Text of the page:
We will create together a processional performance titled "Hemispheric Casserole."
We want to reflect on the popular anti-austerity push-backs we are seeing throughout the hemisphere.
In our retelling of the story, the audience is led through a hemispheric transmigration of a melody, the melody in our case being the music of the “casserole,” the public sonic performance of banging on pots and pans.
The narrative of the piece was adapted from a story by I.L. Peretz, called The Transmigration of a Melody. The full text of this story, in Yiddish and English, can be found here:
As a musical thread, we will use an Uruguayan murga by Araca la Cana, called "Mientras Escriba y Cante." A recording of this song can be found here:
Here is some background information about murgas, compiled by Jenny Romaine:
Murga is a form of popular musical theater performed in Uruguay and Argentina during the carnival season. Murga groups operate in the Montevideo and Buenos Aires carnival. Though to a lesser extent than in Montevideo, the Argentine murga is more centered on dancing and less on vocals than the Uruguayan one. Uruguayan murga has a counterpart in Cadiz, Spain, from which it is derived: the chirigota. Over time, the two have diverged into distinct forms.
The murga is performed by a group of maximum of 17 people, usually men, in the months prior to Carnival, which takes place from late January to early March in Uruguay. Each group will prepare a musical play consisting of a suite of songs and recitative lasting around 45 minutes. This suite will be performed on popular stages in the various neighborhoods known as toblados throughout the carnival period. Groups also vie against each other in an official competition.
Lyrical content is based on a particular theme chosen by the group which serves to provide commentary on events in Uruguay and elsewhere over the proceeding year. Consequently, murga lends itself well to being used as a form of popular resistance. For example, during the dictatorship in Uruguay during the 1970s, groups like Araca la Cana became known for their left-wing tendencies, subversive commentary and oppositional stance.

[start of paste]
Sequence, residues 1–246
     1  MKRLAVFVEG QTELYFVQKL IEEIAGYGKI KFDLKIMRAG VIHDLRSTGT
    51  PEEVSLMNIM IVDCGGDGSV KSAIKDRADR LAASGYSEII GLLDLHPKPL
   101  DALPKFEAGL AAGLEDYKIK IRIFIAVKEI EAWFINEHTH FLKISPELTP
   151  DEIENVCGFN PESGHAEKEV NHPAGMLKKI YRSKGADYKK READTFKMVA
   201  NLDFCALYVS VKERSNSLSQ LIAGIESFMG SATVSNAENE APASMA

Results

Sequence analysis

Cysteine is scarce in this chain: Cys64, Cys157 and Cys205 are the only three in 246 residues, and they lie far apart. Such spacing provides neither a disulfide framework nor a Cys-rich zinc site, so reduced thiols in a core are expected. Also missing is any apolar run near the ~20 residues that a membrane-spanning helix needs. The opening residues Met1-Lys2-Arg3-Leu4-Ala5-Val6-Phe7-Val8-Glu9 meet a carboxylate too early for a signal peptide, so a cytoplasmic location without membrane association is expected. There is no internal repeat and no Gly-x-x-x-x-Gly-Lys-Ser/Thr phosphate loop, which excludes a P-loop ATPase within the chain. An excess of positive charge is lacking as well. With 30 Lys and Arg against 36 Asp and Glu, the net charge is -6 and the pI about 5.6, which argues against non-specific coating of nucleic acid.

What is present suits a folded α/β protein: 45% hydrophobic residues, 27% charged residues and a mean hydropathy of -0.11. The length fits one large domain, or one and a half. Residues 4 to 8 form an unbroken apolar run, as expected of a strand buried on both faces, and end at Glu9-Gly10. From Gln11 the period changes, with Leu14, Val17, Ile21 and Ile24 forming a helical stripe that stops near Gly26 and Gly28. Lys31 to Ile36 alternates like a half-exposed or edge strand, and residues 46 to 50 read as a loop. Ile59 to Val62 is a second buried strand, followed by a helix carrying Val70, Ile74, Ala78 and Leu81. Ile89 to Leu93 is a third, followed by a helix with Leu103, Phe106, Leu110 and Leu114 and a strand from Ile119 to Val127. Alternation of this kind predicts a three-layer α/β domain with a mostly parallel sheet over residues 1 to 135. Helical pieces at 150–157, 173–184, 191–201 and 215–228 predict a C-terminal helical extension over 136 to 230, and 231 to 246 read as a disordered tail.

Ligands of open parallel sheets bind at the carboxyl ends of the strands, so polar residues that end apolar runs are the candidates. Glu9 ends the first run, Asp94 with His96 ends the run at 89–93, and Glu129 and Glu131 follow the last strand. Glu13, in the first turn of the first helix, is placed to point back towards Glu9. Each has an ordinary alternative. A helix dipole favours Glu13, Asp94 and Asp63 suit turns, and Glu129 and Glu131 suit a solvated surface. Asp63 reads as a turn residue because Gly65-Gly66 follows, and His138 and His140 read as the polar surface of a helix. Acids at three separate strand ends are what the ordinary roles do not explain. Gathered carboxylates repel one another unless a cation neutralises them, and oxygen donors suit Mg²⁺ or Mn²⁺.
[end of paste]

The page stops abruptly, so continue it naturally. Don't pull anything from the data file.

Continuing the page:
A traditional murga group is composed of a chorus and three percussionists. This is the type of murga performed on stages; the singers perform in polyphony, using up to 5 vocal parts. Vocal production tends to be nasal and loud with little variation in volume. The percussion instruments derived from European military bands are bombo, redolante, and platillos. Two most important pieces of the performance are the opening song (the saludo) and the exit song.
These get played on the radio during the carnival period; some of them, such as the Saludo Araca la Cana 1937 are cherished by Uruguyans as cultural icons…
Murgistas dress in elaborate colorful jester-like costumes. Staging is sparce, with minimal use of props. Singers tend to be foregrounded, with percussionists at the back or off to the side of the stage. Musical styles and rhythmic structures have been incorporated into Uruguayan popular music.